As millions of students headed back to school last week, Canadian health researchers learned that change this year extends beyond the composition of their classes. The Canadian Institutes of Health Research, the federal government's health research granting agency, unveiled a new open access policy for the research that it funds. The new policy – the first of its kind for Ottawa's three major research granting institutions that dole out hundreds of millions of dollars each year – will revolutionize access to health research by mandating that thousands of articles published each year be made freely available online to a global audience.
This marks an important step in the "open access" movement in Canada, which had been falling behind peer institutions in the United States, Europe, and Australia. It also places heightened pressure on the publishing industry to adapt their policies to permit greater access to publicly-funded research.
For years, the research model in Canada has remained relatively static. University scientists and researchers, who rely heavily on federal financial support, typically publish in expensive, peer-reviewed publications, which are purchased by those same publicly-funded universities.
Large publishers benefited from the system as they had access to a steady stream of content with minimal investment, yet the public was forced to pay twice for research that it was frequently unable to access. Patients with life threatening diseases seeking information on new treatments or parents searching for the latest developments on child immunizations were often denied access to the research they indirectly fund through their tax dollars.
That will change starting in 2008. While CIHR already makes clinical trial data available, according to the new policy, grant recipients will be required to make every effort to ensure that all publications are freely accessible through the publisher's website or an online repository within six months of publication. The online repository approach – often referred to as "self-archiving" – relies on smart search engines to index millions of articles and make them easily accessible with the right search query.
The policy will help ensure that five percent of the world's health research scholarship – tens of thousands of articles (CIHR funds approximately 5,000 researchers annually producing as many as 30,000 articles) – are generally freely available. This benefits the researchers, whose work becomes more widely read and cross-referenced, as well as the general public.
Notwithstanding this important development, the publishing industry remains skeptical about open access. Last month, the Association of American Publishers launched PRISM, a lobbying effort geared toward convincing U.S. lawmakers that open access threatens independent research and smacks of government censorship. While such outlandish claims are easily countered, the lobby has forced the scientific community to spend more of its time justifying policies to make their research available, rather than focusing on the research itself.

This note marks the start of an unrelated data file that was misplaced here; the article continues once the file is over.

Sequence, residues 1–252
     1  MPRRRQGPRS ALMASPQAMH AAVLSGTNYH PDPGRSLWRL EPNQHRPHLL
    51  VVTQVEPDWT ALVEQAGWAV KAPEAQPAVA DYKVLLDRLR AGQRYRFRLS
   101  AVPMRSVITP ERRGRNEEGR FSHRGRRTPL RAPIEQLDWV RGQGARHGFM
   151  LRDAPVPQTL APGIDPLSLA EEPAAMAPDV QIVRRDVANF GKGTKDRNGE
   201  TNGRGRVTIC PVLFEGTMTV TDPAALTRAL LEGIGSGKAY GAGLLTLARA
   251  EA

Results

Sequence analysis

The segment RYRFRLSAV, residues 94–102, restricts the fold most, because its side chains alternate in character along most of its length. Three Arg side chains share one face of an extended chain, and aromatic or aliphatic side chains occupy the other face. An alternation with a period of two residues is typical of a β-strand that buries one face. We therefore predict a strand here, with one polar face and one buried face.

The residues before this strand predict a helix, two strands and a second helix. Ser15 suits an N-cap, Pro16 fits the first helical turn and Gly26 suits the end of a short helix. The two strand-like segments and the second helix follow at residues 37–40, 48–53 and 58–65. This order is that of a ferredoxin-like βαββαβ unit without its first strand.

Indeed, critics have noted the publisher pressure may have led to a last minute change in the CIHR policy. The policy is not iron-clad since publication in an online repository is conditional on the appropriate permission from the publisher. Accordingly, a researcher does not violate the grant requirements by not posting their work if a publisher refuses to grant them permission to do so. This leaves publishers with a measure of control, though a growing number of them now permit this form of archiving.
While it is tempting to say that the policy does not go far enough in light of this loophole, the CIHR policy is likely to place renewed pressure on the Natural Sciences and Engineering Research Council (NSERC) and the Social Sciences and Humanities Research Council (SSHRC), the federal government's two other major granting councils to follow suit. To date, the SSHRC has only launched a small open access pilot project after opposition from publishers such as the University of Toronto Press short-circuited bolder plans. NSERC has proven even more apathetic, as internal documents reveal that Council personnel admit that open access is not a priority.
That may change as new Industry Minister Jim Prentice focuses on Canadian economic competitiveness and fiscal responsibility. With the health field now leading the way, Canadians may at long last gain open access to the world-class research they have funded, while the publishing industry adapts to the new realities of access to research.
Michael Geist holds the Canada Research Chair in Internet and E-commerce Law at the University of Ottawa, Faculty of Law. He can reached at email@example.com or online at www.michaelgeist.ca.